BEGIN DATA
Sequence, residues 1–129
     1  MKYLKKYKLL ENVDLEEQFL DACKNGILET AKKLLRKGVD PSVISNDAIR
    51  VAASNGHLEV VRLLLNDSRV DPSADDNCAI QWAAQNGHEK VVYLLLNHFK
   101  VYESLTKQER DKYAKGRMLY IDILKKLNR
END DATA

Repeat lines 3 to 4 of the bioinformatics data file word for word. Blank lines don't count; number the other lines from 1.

    51  VAASNGHLEV VRLLLNDSRV DPSADDNCAI QWAAQNGHEK VVYLLLNHFK
   101  VYESLTKQER DKYAKGRMLY IDILKKLNR